Embracing the Dutch philosophy of mixed transportation, the city focused first on short trips taken within the city in an area dubbed, "the Ring of Congestion." What they found is that out of the 258,000 passenger vehicle trips that enter this area daily, 58,000 or 36 percent are less than 3 miles (squarely within the bike range identified by ter Avest). If only 15 percent of these trips were converted to bicycle trips, 9,000 trips or 5.5 percent, would be removed from that area, freeing up that space for the other cars.

"By creating bicycle facilities, we are creating additional capacity. Traffic runs better as people are spread out between cars and bikes." Wilkes said. The aim is not to tell people specifically not to drive, but to open up new avenues for people to use to get places.

In 2012, People for Bikes began the Green Lanes Project, selecting six cities (Austin, Chicago, Portland, San Francisco, Washington D.C. and yes, even Memphis) "to form a select partnership of leaders supporting the creation of next-generation protected bike lanes in America."

From their website, "Six focus cities will be selected to receive a suite of technical, financial and strategic resources and opportunities to network with peers on the development of protected lanes. The winning cities will have a mix of political will, committed staff, and community support to implement ambitious plans for protected bike lanes during the two-year campaign period."

Cities must apply to be considered, and Roskowski says that she always wants one surprising city in the mix: hence, Memphis.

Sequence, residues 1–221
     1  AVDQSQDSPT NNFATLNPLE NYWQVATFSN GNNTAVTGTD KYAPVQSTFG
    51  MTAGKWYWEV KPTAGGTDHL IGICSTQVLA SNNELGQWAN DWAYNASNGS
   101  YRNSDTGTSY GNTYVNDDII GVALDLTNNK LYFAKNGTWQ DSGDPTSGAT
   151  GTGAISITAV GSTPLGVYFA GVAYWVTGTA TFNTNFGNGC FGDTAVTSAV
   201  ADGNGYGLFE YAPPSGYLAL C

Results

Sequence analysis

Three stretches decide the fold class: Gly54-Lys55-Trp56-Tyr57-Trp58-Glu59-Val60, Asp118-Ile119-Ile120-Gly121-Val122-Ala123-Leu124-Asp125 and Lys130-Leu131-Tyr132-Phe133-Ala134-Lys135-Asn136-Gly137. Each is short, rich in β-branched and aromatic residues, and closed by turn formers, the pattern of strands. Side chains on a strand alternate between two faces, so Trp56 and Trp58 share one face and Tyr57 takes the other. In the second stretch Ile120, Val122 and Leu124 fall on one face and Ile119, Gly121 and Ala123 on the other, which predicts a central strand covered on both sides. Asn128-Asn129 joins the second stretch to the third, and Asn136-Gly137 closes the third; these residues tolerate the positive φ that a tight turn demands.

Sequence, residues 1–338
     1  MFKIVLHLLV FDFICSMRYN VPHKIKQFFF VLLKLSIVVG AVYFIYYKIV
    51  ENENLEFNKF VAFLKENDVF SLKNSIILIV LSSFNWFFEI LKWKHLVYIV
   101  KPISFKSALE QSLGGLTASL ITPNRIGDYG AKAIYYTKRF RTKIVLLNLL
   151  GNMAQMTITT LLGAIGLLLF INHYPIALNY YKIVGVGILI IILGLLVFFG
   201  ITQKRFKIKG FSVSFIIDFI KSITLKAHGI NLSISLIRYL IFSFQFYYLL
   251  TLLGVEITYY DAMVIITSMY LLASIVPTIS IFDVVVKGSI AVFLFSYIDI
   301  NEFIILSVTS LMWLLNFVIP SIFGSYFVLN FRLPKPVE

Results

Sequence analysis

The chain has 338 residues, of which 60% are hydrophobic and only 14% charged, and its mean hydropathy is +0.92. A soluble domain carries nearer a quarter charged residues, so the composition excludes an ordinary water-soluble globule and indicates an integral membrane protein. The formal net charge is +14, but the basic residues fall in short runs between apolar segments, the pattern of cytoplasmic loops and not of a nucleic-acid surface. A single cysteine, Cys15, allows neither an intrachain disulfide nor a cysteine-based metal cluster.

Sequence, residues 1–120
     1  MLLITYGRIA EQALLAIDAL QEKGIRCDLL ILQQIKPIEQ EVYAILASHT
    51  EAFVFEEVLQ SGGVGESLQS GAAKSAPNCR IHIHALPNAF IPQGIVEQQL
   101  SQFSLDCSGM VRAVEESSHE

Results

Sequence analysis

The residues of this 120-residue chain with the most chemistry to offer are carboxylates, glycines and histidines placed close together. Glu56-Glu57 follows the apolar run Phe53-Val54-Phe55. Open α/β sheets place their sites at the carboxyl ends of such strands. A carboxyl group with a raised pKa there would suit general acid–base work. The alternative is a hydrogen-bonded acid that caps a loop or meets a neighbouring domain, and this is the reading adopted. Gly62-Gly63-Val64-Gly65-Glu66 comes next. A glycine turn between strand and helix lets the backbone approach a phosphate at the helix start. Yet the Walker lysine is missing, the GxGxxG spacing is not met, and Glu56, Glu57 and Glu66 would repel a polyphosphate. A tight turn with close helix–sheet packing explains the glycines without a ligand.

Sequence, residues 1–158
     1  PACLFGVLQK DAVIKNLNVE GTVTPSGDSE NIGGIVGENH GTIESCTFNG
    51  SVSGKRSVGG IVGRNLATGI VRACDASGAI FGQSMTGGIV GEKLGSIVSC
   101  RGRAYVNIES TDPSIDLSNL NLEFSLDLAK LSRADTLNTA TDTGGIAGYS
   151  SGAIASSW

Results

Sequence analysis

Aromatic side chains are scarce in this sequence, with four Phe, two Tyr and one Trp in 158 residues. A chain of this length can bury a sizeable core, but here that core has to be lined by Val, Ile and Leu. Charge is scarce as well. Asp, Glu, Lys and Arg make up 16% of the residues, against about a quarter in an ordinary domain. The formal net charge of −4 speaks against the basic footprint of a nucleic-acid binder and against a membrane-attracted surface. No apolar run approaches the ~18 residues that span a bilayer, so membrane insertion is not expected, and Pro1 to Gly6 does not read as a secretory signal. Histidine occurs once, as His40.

"Bike lanes are an economic development opportunity for cities who want to be competitive. We can't fit any more cars into cities. We can have more people, but not cars. We need to figure out how to move them without cars," Roskowski said.

The project keyword is "protected." The perception of safety is very important. Roskowski said that 75 percent of people are concerned for their safety while biking on city streets. Eighty-six percent say they will not ride in unprotected bike lanes, but when they were shown a photo of a protected bike lane (with plastic posts), 90 percent of people would ride in it, and the number climbs to 95 percent if the bike lane had a curb.

In the first year of the project, the number of protected bike lanes in cities went from 62 to 102 and the number is expected to double again to over 200 during the next project.

The first Green Lanes project cycle is wrapping up at the end of 2013, with a new project kicking off in 2014. Learn more at People for Bikes.

[image credit: Phillip Barron: Flickr cc]

Andrea Newell headshotAndrea Newell

Andrea Newell has more than ten years of experience designing, developing and writing ERP e-learning materials for large corporations in several industries. She was a consultant for PricewaterhouseCoopers and a contract consultant for companies like IBM, BP, Marathon Oil, Pfizer, and Steelcase, among others. She is a writer and former editor at TriplePundit and a social media blog fellow at The Story of Stuff Project. She has contributed to In Good Company (Vault's CSR blog), Evolved Employer, The Glass Hammer, EcoLocalizer and CSRwire. She is a volunteer at the West Michigan Environmental Action Council and lives in Grand Rapids, Michigan. You can reach her at andrea.g.newell@gmail.com and @anewell3p on Twitter.

Read more stories by Andrea Newell

More stories from Leadership & Transparency